Katon Dawson felt working for the GOP was necessary given what happened to him early on:
I've always been involved in politics. And I guess it goes all the way back to my school career and education. I, in the 1960s was a product of school segregation, where we took our schools and completely disbanded them, and made racial equality. Fifty-Fifty. And the kids had no choices. They closed Booker T. Washington, Blease, down here. A pretty good school. Closed it and sent the students to A. C. Flora, across town. And they did it over the summer because the laws had been changed by the politicians. And, the day that school opened, we were on CBS news with the busses turned upside down, and one of them lit on fire. By folks who didn't want to go to school there. Not folks who did.
The end of that story was, I was standing in a bathroom in public school... This scar over here [pointing to his forehead] was from a baseball bat. I will tell you it was a pretty harsh environment. Government reached into my life and grabbed me and shook me at the age of fifteen. I remember how blatant it was that government just thought that they knew better, that government just thought they knew better what to do in my school. And I can't say it was so much racial. I can say that people had a lot of stuff thrust on them because politicians thought they knew better.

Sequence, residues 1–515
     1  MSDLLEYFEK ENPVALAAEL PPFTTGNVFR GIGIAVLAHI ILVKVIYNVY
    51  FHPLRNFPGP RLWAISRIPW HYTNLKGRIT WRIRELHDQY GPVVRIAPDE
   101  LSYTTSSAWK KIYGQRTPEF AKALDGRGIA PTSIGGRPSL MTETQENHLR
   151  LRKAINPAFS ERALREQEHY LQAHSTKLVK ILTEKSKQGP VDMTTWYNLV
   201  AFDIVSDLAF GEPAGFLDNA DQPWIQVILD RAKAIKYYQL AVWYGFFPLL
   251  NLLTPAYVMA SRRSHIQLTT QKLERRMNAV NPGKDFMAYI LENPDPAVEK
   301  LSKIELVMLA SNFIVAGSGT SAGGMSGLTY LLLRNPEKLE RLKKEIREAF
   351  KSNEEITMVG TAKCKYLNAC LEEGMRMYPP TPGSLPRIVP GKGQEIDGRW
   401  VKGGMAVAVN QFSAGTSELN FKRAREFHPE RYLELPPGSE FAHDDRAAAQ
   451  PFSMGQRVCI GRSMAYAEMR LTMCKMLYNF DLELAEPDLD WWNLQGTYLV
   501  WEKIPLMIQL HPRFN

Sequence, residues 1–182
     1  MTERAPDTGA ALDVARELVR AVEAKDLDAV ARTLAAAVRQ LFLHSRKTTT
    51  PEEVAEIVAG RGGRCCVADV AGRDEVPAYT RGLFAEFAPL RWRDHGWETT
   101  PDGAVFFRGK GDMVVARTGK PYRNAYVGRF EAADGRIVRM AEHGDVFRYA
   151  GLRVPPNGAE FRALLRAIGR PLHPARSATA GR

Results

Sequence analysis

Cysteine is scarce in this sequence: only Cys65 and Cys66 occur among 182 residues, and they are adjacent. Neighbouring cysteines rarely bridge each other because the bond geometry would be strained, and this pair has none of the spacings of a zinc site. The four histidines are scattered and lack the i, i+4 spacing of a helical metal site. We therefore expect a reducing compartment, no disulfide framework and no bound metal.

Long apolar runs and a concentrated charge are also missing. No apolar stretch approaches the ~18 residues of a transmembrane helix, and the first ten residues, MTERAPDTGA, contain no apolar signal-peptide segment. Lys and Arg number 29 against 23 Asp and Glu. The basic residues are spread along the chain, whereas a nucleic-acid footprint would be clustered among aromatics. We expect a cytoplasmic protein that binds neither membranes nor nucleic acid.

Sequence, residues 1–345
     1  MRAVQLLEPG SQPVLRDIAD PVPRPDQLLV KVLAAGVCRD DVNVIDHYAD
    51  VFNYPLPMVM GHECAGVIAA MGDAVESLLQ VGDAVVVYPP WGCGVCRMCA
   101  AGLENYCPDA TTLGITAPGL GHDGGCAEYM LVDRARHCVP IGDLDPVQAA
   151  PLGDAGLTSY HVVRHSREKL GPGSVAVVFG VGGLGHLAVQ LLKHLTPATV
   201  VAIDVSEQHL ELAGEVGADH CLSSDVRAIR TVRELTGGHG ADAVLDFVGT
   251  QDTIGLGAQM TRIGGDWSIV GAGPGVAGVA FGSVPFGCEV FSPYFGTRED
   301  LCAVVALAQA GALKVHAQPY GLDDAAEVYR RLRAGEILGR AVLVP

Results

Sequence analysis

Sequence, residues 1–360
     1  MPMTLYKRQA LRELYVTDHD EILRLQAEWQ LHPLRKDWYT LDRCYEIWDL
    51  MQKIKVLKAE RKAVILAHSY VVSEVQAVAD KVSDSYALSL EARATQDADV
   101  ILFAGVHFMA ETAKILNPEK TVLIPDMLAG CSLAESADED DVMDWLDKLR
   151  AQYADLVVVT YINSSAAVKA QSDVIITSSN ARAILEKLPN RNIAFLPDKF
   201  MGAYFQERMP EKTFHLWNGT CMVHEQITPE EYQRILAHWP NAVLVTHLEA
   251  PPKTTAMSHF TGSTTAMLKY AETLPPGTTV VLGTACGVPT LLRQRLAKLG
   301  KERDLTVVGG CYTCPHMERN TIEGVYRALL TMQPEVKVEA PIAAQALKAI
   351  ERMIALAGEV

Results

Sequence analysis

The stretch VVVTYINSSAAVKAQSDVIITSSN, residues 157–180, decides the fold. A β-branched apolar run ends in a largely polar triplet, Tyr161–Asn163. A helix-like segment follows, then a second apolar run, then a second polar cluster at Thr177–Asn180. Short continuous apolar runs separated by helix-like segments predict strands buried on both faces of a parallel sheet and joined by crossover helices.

Emphasis mine. Notwithstanding whether there might have been better ways to integrate schools than federal fiat (I've heard arguments to that end, but I'm not convinced), why is Katon Dawson on record saying this? That government reaching into his life during this time was something terrible. Is that something the GOP is going to want to defend if Dawson is elected?
UPDATE: David Weigel says, "To be fair to Dawson, he has been endorsed by two of the three black members of the RNC, and getting brained by a baseball bat is no fun."
When has "Some of my best friends are Black" ever resonated in a debate?
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